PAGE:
Its just a thought. I had an older mare than would lose hair on her chest every winter.....just the winter. Her skin would get flakey then the hair would thin out and well, at her worst, she looked like she had mange in a very localized area. It was weird. Once spring hit and she began to shed and grow in summer coat all was well again. I simply chokked it off as a seasonal anomaly. (yes I tried coat conditioners and added a coat enhancer to her diet to no avail) Tea tree oil spray did seem to help some though.
 

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I was thinking the same thing as the above poster that maybe she is a little heavier in the winter which makes her saddle too narrow over the back. She is beautiul and looks to be a good weight though! love those buckskins!! My hubbys mare move's side to side as well but no hair loss..
 

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Discussion Starter #45
Zaney in the pic I showed she didn't have the rubbing then, I was just drawing a circle around where it usually occurs in the winter...I'm beginning to wonder if the saddle is slipping back during riding...going to take a before and after pic today when I go for a lesson, just to see saddle placement before and after.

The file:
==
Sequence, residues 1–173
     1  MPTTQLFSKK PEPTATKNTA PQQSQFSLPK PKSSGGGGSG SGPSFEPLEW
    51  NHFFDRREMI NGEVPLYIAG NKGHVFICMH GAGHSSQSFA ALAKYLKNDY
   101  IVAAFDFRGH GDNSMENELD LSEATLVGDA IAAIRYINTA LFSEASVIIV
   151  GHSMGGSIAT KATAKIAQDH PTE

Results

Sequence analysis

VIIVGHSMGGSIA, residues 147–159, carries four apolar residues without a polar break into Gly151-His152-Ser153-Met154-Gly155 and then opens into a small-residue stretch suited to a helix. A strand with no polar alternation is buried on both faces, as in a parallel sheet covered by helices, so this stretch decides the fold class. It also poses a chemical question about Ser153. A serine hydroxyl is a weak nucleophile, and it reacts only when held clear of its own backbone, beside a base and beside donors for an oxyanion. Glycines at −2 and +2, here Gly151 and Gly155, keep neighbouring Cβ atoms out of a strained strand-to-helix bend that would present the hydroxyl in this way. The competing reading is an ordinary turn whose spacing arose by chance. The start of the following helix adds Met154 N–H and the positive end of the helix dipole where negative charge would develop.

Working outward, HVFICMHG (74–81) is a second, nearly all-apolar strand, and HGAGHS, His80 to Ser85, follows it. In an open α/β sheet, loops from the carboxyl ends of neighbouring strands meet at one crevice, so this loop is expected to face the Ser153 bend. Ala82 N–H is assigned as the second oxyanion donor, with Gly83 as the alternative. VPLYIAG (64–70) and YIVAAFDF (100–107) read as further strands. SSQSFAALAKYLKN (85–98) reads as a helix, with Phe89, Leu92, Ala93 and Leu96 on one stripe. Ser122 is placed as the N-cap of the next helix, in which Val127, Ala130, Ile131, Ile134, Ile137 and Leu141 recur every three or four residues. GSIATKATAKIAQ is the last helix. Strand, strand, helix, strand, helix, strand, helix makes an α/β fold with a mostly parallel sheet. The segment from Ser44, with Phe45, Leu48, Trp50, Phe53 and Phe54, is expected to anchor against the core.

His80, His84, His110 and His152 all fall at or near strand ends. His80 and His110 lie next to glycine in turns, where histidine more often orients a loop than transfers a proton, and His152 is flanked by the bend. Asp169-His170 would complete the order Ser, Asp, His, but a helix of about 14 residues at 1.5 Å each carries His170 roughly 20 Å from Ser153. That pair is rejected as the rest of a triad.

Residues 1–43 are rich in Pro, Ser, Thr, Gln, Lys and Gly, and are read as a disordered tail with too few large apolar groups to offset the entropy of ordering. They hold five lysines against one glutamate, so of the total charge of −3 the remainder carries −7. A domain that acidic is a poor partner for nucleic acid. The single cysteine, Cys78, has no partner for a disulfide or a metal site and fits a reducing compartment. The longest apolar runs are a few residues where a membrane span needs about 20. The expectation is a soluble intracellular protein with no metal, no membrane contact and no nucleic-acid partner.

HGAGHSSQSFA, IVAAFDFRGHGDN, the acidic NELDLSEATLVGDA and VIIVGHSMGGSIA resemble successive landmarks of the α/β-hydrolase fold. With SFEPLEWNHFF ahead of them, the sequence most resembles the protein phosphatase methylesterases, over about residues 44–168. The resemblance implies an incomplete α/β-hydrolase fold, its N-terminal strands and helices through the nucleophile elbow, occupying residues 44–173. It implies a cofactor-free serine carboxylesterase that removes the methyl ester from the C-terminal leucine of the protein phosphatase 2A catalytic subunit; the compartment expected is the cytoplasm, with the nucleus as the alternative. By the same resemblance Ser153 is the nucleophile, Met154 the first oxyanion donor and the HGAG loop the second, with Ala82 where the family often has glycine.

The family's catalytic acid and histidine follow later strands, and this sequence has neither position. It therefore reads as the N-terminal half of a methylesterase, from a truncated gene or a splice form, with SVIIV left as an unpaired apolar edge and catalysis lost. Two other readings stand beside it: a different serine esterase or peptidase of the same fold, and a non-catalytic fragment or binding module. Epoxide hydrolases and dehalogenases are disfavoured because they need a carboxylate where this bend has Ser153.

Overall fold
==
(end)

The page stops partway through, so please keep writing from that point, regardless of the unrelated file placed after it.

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This happens with my horse too, only when he is body clipped. The saddle pad does not stay perfectly still when riding - it kind of moves side to side as he moves and it kind of scrubs the hair off.
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Discussion Starter #48
Dancing when viewed from the back that's what looks like is happening with my girl too...it's like the back edge of the saddle pad is breaking the hair off.
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Dancing when viewed from the back that's what looks like is happening with my girl too...it's like the back edge of the saddle pad is breaking the hair off.